Press conference addresses proposed cuts to Medicare

By Staff
CONCERNED SENIORS Eighty-three-year-old Malinda Johnson, left, awaits a press conference at Beverly Health Care-Broadmoor held by the Mississippi Health Care Association. With her are Mona Mayatt and her mother-in-law, 92-year-old Lula Mayatt. Photo by Paula Merritt / The Meridian Star
By Steve Gillespie / staff writer
April 5, 2002
Louise Watkins, a resident at Beverly HealthCare-Broadmoor, said Thursday that she hasn't heard much about proposed Medicare cuts in the federal budget.
But the thought still upsets her.
Watkins and her roommate, Ethel Bailey, sat in front of a podium at the nursing home waiting for the Mississippi Health Care Association to hold a news conference about Medicare.
Watkins and Bailey held a sign that read "Thank you Congressman Pickering." The Republican 3rd District U.S. representative was not at the news conference.
But Pickering did issue a statement this week saying that Mississippi seniors would lose $23.5 million in Medicare funding under the proposed cut. He pledged to fight to stop the cuts which would translate to about $44.41 a patient each day for Mississippi residents.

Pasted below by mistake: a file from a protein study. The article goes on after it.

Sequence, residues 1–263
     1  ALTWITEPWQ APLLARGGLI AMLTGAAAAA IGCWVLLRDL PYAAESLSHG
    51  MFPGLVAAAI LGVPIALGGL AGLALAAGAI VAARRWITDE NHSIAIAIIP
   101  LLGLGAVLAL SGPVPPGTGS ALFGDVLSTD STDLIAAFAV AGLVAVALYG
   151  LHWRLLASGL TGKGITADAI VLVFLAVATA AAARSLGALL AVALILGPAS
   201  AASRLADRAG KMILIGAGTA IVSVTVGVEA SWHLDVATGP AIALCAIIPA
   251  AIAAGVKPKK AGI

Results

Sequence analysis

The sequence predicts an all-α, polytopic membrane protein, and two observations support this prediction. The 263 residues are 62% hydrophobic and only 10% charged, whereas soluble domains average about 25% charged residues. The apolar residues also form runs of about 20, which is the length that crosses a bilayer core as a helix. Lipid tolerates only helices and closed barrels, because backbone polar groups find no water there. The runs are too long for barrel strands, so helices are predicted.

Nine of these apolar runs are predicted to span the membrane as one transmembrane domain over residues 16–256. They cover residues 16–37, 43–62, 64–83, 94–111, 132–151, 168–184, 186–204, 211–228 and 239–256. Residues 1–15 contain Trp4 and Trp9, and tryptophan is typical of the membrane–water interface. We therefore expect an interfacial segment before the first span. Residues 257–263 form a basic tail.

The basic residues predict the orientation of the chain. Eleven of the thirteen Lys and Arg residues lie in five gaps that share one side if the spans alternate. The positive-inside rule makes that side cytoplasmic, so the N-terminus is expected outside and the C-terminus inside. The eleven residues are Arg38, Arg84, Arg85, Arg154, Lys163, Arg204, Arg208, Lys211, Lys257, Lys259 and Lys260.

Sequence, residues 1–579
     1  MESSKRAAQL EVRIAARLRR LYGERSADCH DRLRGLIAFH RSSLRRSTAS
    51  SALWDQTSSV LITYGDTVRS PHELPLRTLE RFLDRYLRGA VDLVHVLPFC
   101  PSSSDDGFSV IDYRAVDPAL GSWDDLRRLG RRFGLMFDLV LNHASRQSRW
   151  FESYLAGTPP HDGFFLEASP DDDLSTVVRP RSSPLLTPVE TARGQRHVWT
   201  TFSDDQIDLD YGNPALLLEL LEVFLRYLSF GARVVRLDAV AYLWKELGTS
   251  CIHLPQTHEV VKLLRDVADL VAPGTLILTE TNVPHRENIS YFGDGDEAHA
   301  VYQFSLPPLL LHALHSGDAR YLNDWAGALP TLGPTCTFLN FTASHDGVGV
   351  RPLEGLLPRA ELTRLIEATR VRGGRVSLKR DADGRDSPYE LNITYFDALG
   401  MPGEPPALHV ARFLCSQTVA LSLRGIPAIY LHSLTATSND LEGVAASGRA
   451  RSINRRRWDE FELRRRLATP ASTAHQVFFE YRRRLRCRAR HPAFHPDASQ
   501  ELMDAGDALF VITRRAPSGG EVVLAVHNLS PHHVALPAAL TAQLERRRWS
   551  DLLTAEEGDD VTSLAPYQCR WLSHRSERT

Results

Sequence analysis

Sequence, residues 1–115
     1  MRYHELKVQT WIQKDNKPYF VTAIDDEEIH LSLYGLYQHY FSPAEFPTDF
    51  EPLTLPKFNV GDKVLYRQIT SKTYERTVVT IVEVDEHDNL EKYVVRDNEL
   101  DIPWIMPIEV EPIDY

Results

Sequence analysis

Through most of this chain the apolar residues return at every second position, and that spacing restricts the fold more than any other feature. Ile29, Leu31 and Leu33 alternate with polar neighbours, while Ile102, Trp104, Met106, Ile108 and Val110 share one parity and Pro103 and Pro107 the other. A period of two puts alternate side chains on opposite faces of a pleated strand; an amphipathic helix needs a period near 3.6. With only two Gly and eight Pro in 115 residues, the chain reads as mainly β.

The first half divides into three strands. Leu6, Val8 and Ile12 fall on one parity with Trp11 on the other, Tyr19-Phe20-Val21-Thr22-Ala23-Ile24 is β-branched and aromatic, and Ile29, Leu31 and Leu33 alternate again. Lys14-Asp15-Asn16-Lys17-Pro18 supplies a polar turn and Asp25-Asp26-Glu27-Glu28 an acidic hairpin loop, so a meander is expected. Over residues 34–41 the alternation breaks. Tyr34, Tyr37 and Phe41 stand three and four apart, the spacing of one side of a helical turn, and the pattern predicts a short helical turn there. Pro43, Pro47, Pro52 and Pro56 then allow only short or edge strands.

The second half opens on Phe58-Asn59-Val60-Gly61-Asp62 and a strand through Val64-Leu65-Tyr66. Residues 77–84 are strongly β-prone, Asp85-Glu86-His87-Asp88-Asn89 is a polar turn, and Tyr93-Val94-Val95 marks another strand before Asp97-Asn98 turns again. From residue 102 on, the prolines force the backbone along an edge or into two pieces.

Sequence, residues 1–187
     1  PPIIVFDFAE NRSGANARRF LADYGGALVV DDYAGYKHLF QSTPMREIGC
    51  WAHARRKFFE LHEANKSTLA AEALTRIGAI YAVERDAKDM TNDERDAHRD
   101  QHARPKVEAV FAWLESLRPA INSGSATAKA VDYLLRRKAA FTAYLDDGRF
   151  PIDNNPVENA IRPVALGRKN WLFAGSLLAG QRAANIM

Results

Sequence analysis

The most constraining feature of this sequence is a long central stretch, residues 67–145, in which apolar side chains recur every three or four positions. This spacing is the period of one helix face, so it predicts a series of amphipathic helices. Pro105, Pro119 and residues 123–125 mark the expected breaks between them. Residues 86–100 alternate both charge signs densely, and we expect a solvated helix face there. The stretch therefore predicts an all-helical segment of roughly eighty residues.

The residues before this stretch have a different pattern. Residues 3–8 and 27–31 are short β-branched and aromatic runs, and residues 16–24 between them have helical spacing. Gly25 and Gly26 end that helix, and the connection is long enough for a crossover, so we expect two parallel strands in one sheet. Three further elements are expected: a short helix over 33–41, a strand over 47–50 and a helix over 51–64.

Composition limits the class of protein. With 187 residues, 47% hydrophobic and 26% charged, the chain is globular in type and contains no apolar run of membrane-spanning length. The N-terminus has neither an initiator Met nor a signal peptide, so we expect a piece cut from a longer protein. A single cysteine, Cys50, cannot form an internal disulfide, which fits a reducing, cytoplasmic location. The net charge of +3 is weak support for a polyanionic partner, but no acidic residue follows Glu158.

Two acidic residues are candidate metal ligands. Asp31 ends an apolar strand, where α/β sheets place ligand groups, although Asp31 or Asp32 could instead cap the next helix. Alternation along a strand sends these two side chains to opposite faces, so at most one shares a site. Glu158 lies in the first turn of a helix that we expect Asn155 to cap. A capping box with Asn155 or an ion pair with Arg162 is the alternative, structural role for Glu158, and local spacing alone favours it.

Possible effects
Warren Sylvestor, education director of MHCA, told residents, family members and staff at Beverly HealthCare that the proposed 17 percent, $3 billion cut next fiscal year could result in a significant drop in skilled nursing care.
Those present were invited to sign a poster-sized petition and cards asking the president and the U.S. Congress to reject the cut.
Mardie Dixon is the administrator of Beverly HealthCare, which has 118 care-giving staff members and 120 residents.
Long-term problems
Dixon said long-term care businesses are still trying to recover form the massive round of bankruptcies in the industry that followed the 1997 Balanced Budget Act.
Dixon said more than 70 percent of Beverly Health Care residents receive Medicare. Besides causing more bankruptcies, she said, Medicare cuts could reduce nursing home staff and require more patients to be cared for in their own home.
Mona Mayatt was at Thursday's press conference, too. Her mother-in-law, Lula Mayatt, is a 92-year-old resident at Beverly Health.

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